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Entry  Fri Mar 11 17:26:15 2022, Matias Senger, Time calibration and the C++ API 
    Reply  Sat Mar 12 10:13:24 2022, Stefan Ritt, Time calibration and the C++ API 
       Reply  Sat Mar 12 16:52:36 2022, Matias Senger, Time calibration and the C++ API 
          Reply  Mon Mar 14 08:59:51 2022, Stefan Ritt, Time calibration and the C++ API Screenshot_2022-03-14_at_9.04.07_.pngScreenshot_2022-03-14_at_9.03.47_.png
             Reply  Tue Mar 15 13:07:50 2022, Matias Senger, Time calibration and the C++ API 
Message ID: 878     Entry time: Sat Mar 12 10:13:24 2022     In reply to: 877     Reply to this: 879
Author: Stefan Ritt 
Subject: Time calibration and the C++ API 

DRSBoard::GetTime is declared in DRS.h line 720.

If you want to measure timing down to ps, you need some basic knowledge, especially about signal-to-noise and risetime. This cannot be taught in a few sentenses, needs a full lecture. As a starting point please read that papat:

https://arxiv.org/abs/1405.4975

then you will understand why you measure different resolutions with different peak heights (and different rise times).

Concerning the DRS4 measurement, please be aware that the sampling poings are not equidistant, like not every 200ps for GSPS. They vary bin by bin significantly, from 50ps to 300ps. So you alway have to analyse the X/Y points as an array, not just the Y values assuming deltaX of 200ps. Probably you forgot that. Then, you have to interpolate between bins to find the crossing over your threshold. Linear interpolation is already good, spline interpolation even better. Deep inside Measurement.cpp of the drsosc program you find in the source code:

t1 = (thr*(x1[i]-x1[i-1])+x1[i-1]*y1[i]-x1[i]*y1[i-1])/(y1[i]-y1[i-1]);

which is the linear interpolation (thr is the threshold). You have to use (and understand!) similar code.

Best,
Stefan

 

 

 

Matias Senger wrote:

I am using the V5 board at a fixed sampling frequency. With the `drsosc` app I have executed the time calibration at 5 GS/s (actually 5.12 GS/s). This is how my setup looks like in the app:

Now I want to replicate this using the C++ API (not the positive width measurement shown, the signal sampling only). I am seting the sampling frequency to 5 GS/s, as I do in the `drsosc` app. Then I get the time information using the `DRSBoard::GetTime(unsigned int chipIndex, int channelIndex, int tc, float *time)` function (which I don't find defined either in `DRS.h` or `DRS.cpp` but somehow it works). How can I know if these times that I get here are being corrected with the time calibration? If so, should I expect the time resolution to be < 3 ps? Are these 3 ps accumulative, such that in the end I end up having a contribution from the evaluation board of 3 ps × 5 Gs/s × 100 ns where 100 ns is the time difference between my two pulses? (This does not seem to be the case because if so I would expect the jitter to be ~ 1 ns, and we see that the "Pos Width" measurement is ~ 0.1 ns std.)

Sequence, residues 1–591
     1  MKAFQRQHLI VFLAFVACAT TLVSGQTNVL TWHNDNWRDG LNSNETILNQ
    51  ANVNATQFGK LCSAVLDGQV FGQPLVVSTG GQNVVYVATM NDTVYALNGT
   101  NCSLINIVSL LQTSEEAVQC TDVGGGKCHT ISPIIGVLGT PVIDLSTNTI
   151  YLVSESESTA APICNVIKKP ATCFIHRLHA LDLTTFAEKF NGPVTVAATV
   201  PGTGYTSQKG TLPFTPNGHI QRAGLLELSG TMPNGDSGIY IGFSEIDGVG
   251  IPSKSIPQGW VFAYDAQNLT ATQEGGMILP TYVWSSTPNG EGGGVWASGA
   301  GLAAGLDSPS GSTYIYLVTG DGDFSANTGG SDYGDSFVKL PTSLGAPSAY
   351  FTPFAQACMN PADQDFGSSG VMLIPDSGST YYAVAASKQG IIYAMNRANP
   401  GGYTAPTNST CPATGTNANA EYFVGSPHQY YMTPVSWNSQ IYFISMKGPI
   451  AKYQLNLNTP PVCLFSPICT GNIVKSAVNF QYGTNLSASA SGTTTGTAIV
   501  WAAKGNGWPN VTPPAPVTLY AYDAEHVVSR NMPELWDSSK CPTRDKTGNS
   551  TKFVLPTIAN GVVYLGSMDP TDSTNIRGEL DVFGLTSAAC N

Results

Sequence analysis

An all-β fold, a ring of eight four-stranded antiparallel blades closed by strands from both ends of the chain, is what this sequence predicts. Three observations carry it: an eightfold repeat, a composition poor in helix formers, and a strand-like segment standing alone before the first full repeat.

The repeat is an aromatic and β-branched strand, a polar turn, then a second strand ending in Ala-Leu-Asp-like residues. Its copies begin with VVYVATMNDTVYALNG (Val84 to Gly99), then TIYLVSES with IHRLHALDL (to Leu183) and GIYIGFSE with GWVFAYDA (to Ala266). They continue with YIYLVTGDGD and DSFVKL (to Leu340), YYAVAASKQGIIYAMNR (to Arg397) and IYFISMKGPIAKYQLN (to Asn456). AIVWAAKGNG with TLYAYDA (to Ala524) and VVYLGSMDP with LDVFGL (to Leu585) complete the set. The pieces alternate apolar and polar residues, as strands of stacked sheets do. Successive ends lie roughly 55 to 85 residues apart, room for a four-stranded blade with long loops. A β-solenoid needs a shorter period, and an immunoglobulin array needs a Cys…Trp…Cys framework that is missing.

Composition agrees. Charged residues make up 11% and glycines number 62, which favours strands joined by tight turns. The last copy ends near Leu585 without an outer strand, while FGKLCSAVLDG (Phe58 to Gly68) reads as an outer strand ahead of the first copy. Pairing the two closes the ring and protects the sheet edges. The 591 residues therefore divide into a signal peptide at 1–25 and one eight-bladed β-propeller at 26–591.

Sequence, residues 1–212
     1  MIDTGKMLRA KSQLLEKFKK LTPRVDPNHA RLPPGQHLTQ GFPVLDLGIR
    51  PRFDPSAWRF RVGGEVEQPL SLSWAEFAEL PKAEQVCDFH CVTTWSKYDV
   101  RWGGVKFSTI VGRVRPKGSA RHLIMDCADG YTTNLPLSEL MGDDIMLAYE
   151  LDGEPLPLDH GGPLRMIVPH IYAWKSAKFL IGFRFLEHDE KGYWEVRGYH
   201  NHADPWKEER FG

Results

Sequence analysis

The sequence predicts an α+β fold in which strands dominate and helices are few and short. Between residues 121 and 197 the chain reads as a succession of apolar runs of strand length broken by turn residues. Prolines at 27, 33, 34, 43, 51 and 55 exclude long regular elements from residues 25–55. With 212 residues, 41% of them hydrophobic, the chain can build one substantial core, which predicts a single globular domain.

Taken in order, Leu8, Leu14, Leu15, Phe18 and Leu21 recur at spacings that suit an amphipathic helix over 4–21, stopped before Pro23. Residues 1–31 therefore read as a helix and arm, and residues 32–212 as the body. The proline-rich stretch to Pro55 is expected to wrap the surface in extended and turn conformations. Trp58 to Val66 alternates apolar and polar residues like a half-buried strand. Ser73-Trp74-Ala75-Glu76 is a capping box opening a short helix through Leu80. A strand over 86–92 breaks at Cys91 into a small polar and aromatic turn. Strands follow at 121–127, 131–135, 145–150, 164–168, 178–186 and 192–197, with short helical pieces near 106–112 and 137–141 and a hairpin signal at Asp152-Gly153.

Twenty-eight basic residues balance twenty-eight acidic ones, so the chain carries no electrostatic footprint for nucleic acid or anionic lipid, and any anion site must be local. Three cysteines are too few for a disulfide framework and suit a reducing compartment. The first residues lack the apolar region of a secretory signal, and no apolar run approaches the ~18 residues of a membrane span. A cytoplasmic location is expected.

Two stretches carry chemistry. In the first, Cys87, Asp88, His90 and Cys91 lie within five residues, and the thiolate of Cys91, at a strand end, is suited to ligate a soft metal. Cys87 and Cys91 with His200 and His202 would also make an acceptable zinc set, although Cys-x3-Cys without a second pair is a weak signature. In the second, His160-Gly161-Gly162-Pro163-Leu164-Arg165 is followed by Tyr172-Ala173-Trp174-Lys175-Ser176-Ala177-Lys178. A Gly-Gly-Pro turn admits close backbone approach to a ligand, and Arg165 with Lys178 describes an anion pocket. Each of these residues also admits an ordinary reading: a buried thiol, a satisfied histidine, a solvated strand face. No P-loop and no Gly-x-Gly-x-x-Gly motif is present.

Why am I asking? I want to measure the jitter between the two falling edges. This cannot be done easily with the `drsosc` app I think, so I am acquiring the data and doing this offline. I have done this measurement in the past using a LeCroy WaveRunner oscilloscope with 20 GS/s and 4 GHz bandwidth (offline, same code) and I have seen it vary from ~5 ps → 30 ps when I vary a voltage that I can control. Now if I calculate this time fluctuation using the data acquired with the V5 evaluation board I get a value ~100 ps and independent of this voltage, which leads me to conclude that the limiting factor is being the evaluation board itself. So now I am wondering if I have reached its limit, or if there is some setting that can still improve this result.

Thanks!

 

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